There have been many tales of triumph in the face of adversity, but not many that rival the story of Bethany Hamilton and the struggles she went through mentally, physically and emotionally after she was attacked by a 15- foot tiger shark on Oct. 31, 2003. It was an event that could have, in essence, destroyed her and her family, but Bethany’s faith and religious background — along with great support from everyone around her — helped her to pull though and become the household name that she is today.
“Soul Surfer” is her story, based on the autobiography she wrote in 2005, along with interviews with her family and close friends. In the movie, we get to see her life and the progress she has made in the past seven years. Directed by Sean McNamara (“Raise Your Voice”) and being distributed by Sony Pictures Entertainment, this movie has been in the works for years, but for one reason or another failed to be made … until now.
Bethany Hamilton (AnnaSophia Robb) was a normal 13-year-old girl who grew up in Kauai, Hawaii, with her parents, Tom (Dennis Quaid) and Cheri (Helen Hunt), and her brothers, Noah (Ross Thomas) and Timmy (Chris Brochu). They lived in Hawaii because both of her parents were surfers and there were many opportunities for surfing competitions. Bethany was a promising young surfer who already had won competitions and was sponsored by Rip Curl. One day, while on a surfing trip with her best friend Alana Blanchard (Lorraine Nicholson) and her family, Bethany was attacked by a shark. Losing a limb and more than 60 percent of her blood, only the quick actions of her friend and her family saved her life.
Dealing with the physical and emotional trauma after the attack was hard, but then all of her plans for surfing seemed to be a near impossibility. With a life altering event like this, even the most simple and mundane tasks need to be relearned. Through all of this, Bethany wants to get back up on her surfboard, but after a few failures, her life as a professional surfer seems to be over. While struggling with all of the questions of why this happened to her, she gets advice from a youth leader at her church, Sarah Hill (played by Carrie Underwood), and there seems to be an answer on the horizon.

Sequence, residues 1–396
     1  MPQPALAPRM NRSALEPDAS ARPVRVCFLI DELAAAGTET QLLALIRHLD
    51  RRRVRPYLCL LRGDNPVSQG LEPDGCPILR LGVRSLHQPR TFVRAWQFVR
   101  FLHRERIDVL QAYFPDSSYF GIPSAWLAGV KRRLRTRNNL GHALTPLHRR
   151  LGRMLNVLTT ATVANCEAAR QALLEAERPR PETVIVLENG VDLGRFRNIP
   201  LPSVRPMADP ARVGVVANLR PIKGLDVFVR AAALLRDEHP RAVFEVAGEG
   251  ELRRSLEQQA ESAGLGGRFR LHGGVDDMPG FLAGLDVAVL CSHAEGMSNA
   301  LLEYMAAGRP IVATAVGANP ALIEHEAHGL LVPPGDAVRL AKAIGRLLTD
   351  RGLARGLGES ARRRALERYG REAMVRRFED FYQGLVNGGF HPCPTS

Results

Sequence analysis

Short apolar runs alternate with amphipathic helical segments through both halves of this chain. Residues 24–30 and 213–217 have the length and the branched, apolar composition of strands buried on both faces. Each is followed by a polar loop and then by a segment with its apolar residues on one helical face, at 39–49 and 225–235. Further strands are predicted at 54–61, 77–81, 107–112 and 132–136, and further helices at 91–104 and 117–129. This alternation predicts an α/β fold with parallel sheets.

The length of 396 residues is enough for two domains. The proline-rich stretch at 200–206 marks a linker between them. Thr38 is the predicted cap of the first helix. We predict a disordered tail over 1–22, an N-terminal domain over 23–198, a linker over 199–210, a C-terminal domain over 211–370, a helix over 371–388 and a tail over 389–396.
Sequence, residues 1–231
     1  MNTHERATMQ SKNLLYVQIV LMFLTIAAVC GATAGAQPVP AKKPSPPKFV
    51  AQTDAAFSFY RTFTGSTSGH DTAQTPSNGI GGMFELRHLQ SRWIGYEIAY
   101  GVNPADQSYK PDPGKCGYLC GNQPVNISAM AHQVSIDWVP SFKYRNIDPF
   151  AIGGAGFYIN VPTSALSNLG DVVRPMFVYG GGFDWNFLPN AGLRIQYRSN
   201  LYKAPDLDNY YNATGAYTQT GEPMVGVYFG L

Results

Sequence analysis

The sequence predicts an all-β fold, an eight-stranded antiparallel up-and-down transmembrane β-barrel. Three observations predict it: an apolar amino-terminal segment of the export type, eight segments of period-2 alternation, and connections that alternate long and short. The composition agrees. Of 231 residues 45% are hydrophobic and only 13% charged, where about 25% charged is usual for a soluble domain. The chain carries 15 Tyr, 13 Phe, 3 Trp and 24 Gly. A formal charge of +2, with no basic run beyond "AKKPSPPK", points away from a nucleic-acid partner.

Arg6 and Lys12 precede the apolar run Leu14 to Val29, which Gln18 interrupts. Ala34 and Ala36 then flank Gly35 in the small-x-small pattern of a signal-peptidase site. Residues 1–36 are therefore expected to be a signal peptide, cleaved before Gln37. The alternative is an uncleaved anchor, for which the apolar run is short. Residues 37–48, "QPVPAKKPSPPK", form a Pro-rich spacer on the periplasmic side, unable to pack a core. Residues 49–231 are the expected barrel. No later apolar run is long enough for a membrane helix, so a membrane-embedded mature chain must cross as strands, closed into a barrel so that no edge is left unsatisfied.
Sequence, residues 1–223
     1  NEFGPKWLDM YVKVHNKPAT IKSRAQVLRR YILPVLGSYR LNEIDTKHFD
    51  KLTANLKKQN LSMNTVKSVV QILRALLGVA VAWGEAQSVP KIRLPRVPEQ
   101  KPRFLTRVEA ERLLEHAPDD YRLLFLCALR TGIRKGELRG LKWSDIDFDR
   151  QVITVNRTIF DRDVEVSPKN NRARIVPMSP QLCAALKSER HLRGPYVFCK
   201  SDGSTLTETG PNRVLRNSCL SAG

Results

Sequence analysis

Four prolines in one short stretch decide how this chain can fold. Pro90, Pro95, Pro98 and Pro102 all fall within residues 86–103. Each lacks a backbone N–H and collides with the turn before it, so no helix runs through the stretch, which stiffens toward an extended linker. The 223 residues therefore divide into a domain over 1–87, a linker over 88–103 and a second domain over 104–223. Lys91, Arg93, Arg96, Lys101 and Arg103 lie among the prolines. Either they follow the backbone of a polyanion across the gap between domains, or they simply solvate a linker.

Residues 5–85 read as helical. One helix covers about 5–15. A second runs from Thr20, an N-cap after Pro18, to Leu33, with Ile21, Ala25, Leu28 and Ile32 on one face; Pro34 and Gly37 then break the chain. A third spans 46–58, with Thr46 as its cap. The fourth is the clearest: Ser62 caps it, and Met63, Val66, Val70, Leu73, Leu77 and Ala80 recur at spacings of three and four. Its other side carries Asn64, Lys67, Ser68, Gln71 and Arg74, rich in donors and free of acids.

There aren’t many movies that move you with the emotional power and inspirational hope found in “Soul Surfer.” You witness a story where someone overcomes insurmountable odds and prevails in the face of terrible adversity. You are in awe of the strength the family seems to have when you wouldn’t expect it. After the shark attack, you get to see the wave of media attention that Bethany and the Hamilton family received that made their lives and Bethany’s struggles uncomfortably public. In the end, I believe all of that attention seemed to pave the way for her story to be made into this heartfelt film.
With gorgeous scenery and awesome shots inside of waves during surfing, the beauty of the film is matched only by the beauty of the performances. AnnaSophia Robb portrays Bethany with true realism and the filmmakers seem to hold nothing back. After barely escaping with her life, you see Bethany worrying about her appearance and all of the normal vulnerabilities you expect from a 13-year-old girl. Dennis Quaid and Helen Hunt are truly touching with their performances as Mr. and Mrs. Hamilton. They both put on brave faces for their daughter, but are still worried about her future. Quaid, in particular, shows how Tom Hamilton knew and hoped his daughter would surf again, while Hunt is shown as the caring mother who just wants her daughter to be whole again.
There are many cameos by actors that lend to creating the world of Bethany’s support system. Kevin Sorbo and Jeremy Sumpter are both terrific in their roles as members of Bethany’s best friend’s family who are with her during the shark attack. Carrie Underwood’s role is small, but vital, and her tenderness in her interactions with AnnaSophia Robb are great.
The bottom line is that this is a movie for all to see. It is based in the faith and beliefs of our core characters, but will not fail to truly inspire and give hope to every man, woman and child that sees it. I, for one, walked out of the theater with a new perception of life and its hardships and how trivial some of the struggles we go through truly are in the larger picture of our lives.
Rated PG, “Soul Surfer” will ride into theaters April 8. Catch it.
. . .
Follow Adam Poynter on Twitter at http://twitter.com/CCWGGuy.
And don’t forget to “Like” It’s Just Movies on Facebook at